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43 more constituencies; For the sake of an election? One Day…


43 more constituencies; For the sake of an election? One Day…

Uganda's local government minister Adolf Mwesige presented the incredulous new list of administrative units to Parliament.

Uganda’s local government minister Adolf Mwesige presented the incredulous new list of administrative units to Parliament.

When you think our politicians can’t go any lower, President Yoweri Museveni addressed the issue of creating new counties.

The president was categorical. He opposed the idea of creating new constituencies and he informed Ugandans especially because some counties were not big enough to warrant the county status.

Days before, Treasury Secretary Keith Muhakanizi had told a gathering of professionals with an interest in how our national economy is being managed, that he found it mind-boggling that members of parliament who are familiar with the state of our economy, were fighting to create constituencies for their selfish-selves.

The Ministry of Finance has in the recent past really been struggling to meet their financial obligations. They have had to defer salary raises for teachers and other vital service providers. Seeing politicians who should know better increasing the already high cost of government administration therefore, must be killing Muhakanizi internally.

No wonder he first declared that he feared for his job just before he proceeded to voice his grave concern. He nevertheless said he had to openly add his voice to the voices of many other Ugandans because not  to do so would be dishonesty.

It was therefore heartening when we had the president a few days later declaring that he would not allow more counties.

What is perturbing now though, is the media reports that more counties have been approved by parliament, bringing the number of new counties to 43 on top of the already over spilling parliament.

Today, many Ugandans are struggling to look after themselves and their families. Unemployment is shamefully high. Health care is beyond the reach of many Ugandans. Poverty is so high that government has had to abandon NAADS and replaced it with a new Wealth Creation effort in the hope of creating a better quality of life for the majority of Ugandans.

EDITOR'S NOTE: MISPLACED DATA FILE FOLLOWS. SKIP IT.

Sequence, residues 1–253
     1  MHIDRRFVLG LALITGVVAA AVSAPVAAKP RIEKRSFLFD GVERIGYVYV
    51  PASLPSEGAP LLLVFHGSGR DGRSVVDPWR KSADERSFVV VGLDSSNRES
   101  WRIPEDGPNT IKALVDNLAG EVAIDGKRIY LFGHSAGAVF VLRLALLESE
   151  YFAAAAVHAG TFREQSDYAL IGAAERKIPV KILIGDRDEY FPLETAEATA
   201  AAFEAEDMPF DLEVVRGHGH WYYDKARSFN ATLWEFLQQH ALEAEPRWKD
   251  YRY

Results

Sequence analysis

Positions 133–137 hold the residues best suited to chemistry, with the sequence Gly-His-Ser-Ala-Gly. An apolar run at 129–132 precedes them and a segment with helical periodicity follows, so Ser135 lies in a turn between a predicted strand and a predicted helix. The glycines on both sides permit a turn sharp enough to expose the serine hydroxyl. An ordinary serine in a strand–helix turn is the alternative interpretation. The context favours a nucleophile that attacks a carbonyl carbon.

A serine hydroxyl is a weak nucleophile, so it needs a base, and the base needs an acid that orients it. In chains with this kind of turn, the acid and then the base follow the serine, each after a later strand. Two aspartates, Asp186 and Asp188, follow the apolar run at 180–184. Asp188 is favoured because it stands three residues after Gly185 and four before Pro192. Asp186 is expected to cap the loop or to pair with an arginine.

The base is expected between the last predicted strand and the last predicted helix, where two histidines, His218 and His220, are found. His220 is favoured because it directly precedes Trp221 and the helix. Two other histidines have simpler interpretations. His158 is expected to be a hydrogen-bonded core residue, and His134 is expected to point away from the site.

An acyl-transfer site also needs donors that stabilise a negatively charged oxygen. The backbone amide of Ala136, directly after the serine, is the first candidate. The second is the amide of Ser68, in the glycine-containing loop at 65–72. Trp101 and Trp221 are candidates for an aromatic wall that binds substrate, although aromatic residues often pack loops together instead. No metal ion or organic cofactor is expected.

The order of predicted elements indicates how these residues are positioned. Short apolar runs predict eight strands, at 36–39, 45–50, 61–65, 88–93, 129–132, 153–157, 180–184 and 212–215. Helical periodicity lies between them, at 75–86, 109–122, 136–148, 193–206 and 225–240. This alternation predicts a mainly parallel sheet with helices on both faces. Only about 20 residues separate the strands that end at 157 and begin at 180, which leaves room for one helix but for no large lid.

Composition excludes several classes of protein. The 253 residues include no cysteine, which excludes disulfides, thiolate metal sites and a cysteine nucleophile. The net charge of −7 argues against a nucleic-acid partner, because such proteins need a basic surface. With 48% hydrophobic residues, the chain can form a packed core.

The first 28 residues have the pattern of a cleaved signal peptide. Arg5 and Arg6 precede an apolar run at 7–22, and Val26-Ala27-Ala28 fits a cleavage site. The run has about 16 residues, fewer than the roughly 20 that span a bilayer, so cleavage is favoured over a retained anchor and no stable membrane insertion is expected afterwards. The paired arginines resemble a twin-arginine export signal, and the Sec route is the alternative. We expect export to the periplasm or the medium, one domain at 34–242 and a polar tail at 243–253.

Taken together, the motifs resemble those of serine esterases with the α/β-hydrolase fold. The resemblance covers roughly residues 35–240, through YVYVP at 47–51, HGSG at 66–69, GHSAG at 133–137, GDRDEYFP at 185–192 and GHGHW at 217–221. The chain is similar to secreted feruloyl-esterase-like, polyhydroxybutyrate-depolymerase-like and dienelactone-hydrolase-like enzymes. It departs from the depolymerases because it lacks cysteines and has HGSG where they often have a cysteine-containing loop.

In short, life is tough for many of our people so much so that whenever they see politicians dishing money and more money to themselves, the ordinary people get so very angry with the government because they can never understand why the government does not care about the poor  who vote governments into power.

For many Ugandans, it is clear that the new counties or constituencies are being created first for the benefit of those parliamentarians whose current constituencies are being threatened by new comers.

Secondly, new counties are being curved out of safe constituencies for the benefit of parties that feel scared of losing some seats for some reason. And yet still, some new counties are being manufactured for certain members loyal to privileged parties.

Whatever the case may be, it is wrong for Uganda to increase the number of parliamentarians knowing full well that the government is almost broke. Otherwise how can it explain the fact that some government workers go for up to three months without salaries when it is busy spending the little recklessly and unproductively?

Do our politicians really ever take time to ponder over the time they will one day be asked to account for their actions during their time in power? Where do they think the money to run the new constituencies will come from? Or they just don’t care about this country! Why are we even asking?



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